For teachers who received TCIT-U training, there were significant improvements for the following domains: instructional strategy, classroom management, and student engagement for teachers who received the training (p < 0.001). The greatest improvement in self-efficacy was seen for the subscale classroom management. There was a significant increase in classroom management efficacy (M = 8.20, SD = 1.05) following the training compared to before the training (M = 7.21, SD = 0.97), t (56) = 7.748, p < 0.001. Cohen’s d (1998) was used to assess effect size for changes in scores from baseline to post-intervention and the intervention had a large effect (d = 0.95–99) across measures. Changes in self-efficacy for teachers in the treatment as usual group was not statistically significant from baseline to post-intervention (p > 0.05).

A one-way repeated measures ANOVA was conducted to determine whether there were statistically significant differences in TSES measures over the course of the intervention for participating teachers. The assumption of sphericity was violated, as assessed by Mauchly’s test of sphericity, χ2 (2) = 50.579, p < 0.05. Therefore, a Greenhouse–Geisser correction was applied (ε = 0.624). TCIT-U elicited statistically significant changes for TSES measures for teachers in the intervention group over time, F (1.249, 69.942) = 30.810, p < 0.001. Post hoc analysis with a Bonferroni adjustment revealed that changes in Instructional Strategies statistically increased from pre-intervention to post-intervention (0.716(95% CI 0.334, 1.098, p < 0.001) and from post-intervention to follow-up (0.263(95% CI 0.120, 0.405, p < 0.001); Classroom Management statistically increased from pre-intervention to post-intervention (0.927(95% CI 0.561, 1.292, p < 0.001), but not from post-intervention to follow-up (0.139(95% CI 0.000, 0.279, p = 0.051); Student Engagement statistically increased from intake to post-intervention (0.797(95% CI 0.397, 1.196, p < 0.001) and from post-intervention to follow-up (0.184(CI 0.004, 0.364, p < 0.05).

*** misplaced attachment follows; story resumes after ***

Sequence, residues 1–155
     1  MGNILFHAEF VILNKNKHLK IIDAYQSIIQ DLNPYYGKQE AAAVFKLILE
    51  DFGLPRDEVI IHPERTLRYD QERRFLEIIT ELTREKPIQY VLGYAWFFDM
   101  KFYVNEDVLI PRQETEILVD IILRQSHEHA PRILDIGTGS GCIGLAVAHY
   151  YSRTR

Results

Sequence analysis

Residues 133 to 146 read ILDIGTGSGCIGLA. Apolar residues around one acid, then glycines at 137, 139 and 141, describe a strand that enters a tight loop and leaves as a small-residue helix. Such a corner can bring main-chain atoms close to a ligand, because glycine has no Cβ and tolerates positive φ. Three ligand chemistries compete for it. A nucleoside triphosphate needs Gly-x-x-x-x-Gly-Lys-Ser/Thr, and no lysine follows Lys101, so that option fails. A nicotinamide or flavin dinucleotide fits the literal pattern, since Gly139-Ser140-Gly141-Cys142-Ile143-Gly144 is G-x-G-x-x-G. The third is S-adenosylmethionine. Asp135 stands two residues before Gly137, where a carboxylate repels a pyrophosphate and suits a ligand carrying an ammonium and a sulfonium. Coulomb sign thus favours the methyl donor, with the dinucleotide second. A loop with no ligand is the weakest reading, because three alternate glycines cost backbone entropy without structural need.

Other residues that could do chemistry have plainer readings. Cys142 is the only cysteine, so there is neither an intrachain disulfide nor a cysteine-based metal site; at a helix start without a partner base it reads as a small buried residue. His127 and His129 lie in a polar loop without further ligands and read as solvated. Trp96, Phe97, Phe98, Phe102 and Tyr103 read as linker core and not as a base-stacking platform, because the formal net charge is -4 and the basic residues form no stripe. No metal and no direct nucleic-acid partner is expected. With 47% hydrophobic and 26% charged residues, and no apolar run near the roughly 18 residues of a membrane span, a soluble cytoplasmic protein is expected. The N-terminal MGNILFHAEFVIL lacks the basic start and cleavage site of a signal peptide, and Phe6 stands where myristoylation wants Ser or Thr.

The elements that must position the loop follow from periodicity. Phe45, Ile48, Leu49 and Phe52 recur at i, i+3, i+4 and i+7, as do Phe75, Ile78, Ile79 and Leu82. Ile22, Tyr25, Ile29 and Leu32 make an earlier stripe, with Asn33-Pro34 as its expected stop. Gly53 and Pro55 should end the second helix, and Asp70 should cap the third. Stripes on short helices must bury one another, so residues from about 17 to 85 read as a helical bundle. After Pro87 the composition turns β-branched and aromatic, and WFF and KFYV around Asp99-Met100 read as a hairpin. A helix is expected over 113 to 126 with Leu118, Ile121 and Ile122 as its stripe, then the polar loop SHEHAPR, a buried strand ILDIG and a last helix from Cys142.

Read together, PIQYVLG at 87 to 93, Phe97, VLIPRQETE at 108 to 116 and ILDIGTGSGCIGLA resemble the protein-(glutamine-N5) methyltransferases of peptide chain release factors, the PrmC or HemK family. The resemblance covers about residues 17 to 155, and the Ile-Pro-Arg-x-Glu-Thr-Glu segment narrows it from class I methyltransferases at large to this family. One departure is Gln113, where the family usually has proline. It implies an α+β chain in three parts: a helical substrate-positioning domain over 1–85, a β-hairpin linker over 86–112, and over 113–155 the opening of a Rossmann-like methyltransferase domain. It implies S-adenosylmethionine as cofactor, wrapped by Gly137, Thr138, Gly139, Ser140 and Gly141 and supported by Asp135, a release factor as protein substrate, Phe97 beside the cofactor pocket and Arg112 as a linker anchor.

An ANCOVA test was used to examine the effect of the treatment condition on the collective instructional strategies, classroom management and student engagement post-intervention scores, controlling for baseline scores. After adjustment for pre-intervention TSES measures, there was a statistically significant difference in post-intervention TSES scores between teachers who received the TCIT-U intervention and teachers in the control condition, F (1, 109) = 40.190, p < 001, η2 = 0.269. Overall average TSES scores were greater in the intervention group (M = 8.09, SD = 0.53) compared to the control group (M = 7.55, SD = 0.97).